Following the recent amendment to the Civil Procedural Rules (CPR) on 1 October 2023, with the introduction of a new "intermediate" track, neatly sandwiched between the fast track and multi-track, the way in which cases will be categorised and managed by the courts has changed. So what does this mean for those embarking on litigation?
Under amended Part 26 of the CPR, the scope of the small claims regime (for claims of less than £10,000) and the fast track (the default track for cases that are not a small claim and involve damages below £25,000) remain the same. However, for cases whose value exceeds £25,000, it is only those claims in excess of £100,000 (or are especially complex) that are likely to be allocated to the multi-track. This therefore makes the intermediate track the primary case management track for any claim ranging in value from £25,000 to £100,000.
Pursuant to CPR 26.9(7), the intermediate track is now the normal track where:
• the case includes a claim for monetary relief, the value of which is not more than £100k
• the trial will not last longer than three days
• oral expert evidence at trial is likely to be limited to two experts per party (although, under CPR 28.14(2)(a), a second expert must be reasonably required and proportionate)
• the claim is brought by one claimant against either one or two defendants, or is brought by two claimants against one defendant.
Importantly, claims seeking or including non-monetary relief will not automatically find themselves on the intermediate track, where the court must also deem such an allocation to be in the interests of justice. Additionally, some claims, even if they would otherwise meet the criteria for the intermediate track, must be allocated to the multi-track (such as disputed clinical negligence claims, jury-style claims or certain claims against the police).
But is the way in which these cases will be managed by the court really likely to be re-shaped? And what does this mean for the parties, both in the context of case management and costs?
The case management rules relating to the new intermediate track are set out under Part 28 of the CPR, which continues to make provision for the fast track. Some of the provisions under Part 28 apply equally to both the intermediate and fast track, while some are specific to each. In particular, for intermediate track cases, the court will fix a case management conference and may fix a pre-trial review, rather than making directions without a hearing. This therefore retains a similar case management approach to cases of a certain financial value or complexity which would previously have been allocated to the multi-track.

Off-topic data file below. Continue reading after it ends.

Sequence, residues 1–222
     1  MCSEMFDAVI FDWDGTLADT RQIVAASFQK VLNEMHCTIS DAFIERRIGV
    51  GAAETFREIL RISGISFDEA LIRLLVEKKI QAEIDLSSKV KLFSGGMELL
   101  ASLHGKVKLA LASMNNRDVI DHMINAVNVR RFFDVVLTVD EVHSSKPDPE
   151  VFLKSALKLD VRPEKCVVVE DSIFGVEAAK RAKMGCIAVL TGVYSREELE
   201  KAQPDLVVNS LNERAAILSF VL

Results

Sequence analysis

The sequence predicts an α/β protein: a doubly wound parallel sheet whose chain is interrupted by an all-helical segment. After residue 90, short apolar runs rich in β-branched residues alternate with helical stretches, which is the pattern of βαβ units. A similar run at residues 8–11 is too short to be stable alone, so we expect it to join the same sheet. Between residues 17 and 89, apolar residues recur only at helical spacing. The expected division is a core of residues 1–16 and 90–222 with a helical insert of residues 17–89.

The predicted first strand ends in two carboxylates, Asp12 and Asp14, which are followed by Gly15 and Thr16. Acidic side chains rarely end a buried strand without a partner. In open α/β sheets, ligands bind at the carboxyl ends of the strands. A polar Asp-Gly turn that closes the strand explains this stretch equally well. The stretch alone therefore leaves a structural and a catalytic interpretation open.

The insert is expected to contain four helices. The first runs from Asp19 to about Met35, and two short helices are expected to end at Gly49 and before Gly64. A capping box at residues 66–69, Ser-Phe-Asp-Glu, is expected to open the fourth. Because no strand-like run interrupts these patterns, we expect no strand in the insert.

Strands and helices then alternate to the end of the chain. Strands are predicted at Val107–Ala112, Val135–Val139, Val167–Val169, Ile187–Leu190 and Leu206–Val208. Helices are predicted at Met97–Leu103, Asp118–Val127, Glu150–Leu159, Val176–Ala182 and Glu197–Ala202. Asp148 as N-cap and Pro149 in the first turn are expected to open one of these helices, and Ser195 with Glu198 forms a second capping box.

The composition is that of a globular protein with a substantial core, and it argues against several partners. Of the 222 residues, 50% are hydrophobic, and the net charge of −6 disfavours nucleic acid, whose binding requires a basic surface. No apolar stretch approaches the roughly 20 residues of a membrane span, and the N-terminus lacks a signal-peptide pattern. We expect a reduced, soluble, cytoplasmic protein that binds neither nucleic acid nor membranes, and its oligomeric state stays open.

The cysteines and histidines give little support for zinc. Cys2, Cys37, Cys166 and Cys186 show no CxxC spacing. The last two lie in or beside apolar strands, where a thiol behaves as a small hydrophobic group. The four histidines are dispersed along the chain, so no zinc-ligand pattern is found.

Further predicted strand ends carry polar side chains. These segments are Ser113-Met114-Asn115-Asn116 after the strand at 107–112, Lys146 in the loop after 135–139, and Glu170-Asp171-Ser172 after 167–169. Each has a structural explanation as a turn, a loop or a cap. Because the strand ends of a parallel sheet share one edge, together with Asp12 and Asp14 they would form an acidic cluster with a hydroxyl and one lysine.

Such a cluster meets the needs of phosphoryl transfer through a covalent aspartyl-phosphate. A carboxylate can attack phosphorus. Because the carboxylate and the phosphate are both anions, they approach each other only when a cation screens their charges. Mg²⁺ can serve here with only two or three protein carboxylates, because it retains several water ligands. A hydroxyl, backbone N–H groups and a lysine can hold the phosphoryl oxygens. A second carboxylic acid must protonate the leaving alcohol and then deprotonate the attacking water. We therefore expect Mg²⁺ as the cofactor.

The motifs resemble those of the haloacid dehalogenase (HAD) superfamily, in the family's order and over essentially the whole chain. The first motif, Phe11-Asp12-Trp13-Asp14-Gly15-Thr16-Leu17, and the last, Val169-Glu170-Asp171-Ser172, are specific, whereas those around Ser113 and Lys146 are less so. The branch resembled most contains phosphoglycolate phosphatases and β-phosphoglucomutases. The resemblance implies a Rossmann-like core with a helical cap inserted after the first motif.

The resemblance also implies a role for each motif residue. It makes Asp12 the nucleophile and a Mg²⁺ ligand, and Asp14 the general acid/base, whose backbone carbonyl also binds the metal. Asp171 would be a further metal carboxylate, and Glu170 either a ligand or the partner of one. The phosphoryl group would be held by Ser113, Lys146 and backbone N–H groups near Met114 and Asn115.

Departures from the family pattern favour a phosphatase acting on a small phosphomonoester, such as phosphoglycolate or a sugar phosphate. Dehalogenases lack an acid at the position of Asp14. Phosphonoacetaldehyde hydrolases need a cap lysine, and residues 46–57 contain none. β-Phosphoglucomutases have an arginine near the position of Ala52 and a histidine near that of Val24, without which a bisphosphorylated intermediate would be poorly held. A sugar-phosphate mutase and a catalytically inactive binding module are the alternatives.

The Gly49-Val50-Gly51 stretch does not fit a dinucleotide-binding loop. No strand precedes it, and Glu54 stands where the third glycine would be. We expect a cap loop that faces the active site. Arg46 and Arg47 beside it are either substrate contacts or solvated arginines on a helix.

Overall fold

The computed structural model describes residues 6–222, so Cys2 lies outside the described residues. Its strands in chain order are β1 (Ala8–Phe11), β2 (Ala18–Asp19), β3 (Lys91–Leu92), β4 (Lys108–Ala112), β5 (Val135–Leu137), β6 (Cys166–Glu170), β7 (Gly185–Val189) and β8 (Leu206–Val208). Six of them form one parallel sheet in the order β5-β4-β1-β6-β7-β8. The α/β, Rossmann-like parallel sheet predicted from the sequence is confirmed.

However, of most significance under the recently amended rules, is that when allocating a case to either the intermediate or fast track, pursuant to CPR 26.14(1), the court must also assign the claim to one of four complexity bands. These bands provide an ascending scale of allowable costs commensurate with the complexity of the claim, to be assessed on a fixed basis under Part 45 of the CPR (together with a new Practice Direction with the tables of costs). This essentially means that for claims that would previously have been allocated to the multi-track, for which there is no fixed costs limit, many of these cases will now be subject to the fixed recoverable costs (FRC) regime under the new intermediate track.
By extending the application of FRCs to a much broader range of cases, namely to less complex multi-track cases under £100,000 damages, the overall aim is to standardise procedure, and to create a degree of certainty in relation to process and costs. In particular, attention is drawn to Tables 12 and 14 under PD 45, applicable to the fast track and intermediate track respectively, with associated grids of costs for the stages of a claim.
However, given the degree of specificity to which cases fall within each complexity band under CPR 26.15 and 26.16, there runs a very real risk that the new rules will be overly prescriptive. Needless to say, it is hoped that the approach adopted under the rules will not fetter the court’s discretion in individual cases which, at first blush, may appear to sit neatly within the scope of the new intermediate track, but still merit allocation to the multi-track.
The matters contained within this article are intended to be for general information purposes only. This blog does not constitute legal advice, nor is it a complete or authoritative statement of the law in England and Wales and should not be treated as such.
Whilst every effort is made to ensure that the information is correct, no warranty, either express or implied, is given as to its’ accuracy, and no liability is accepted for any errors or omissions.
Before acting on any of the information contained herein, expert advice should always be sought.
©Melissa Worth, October 2023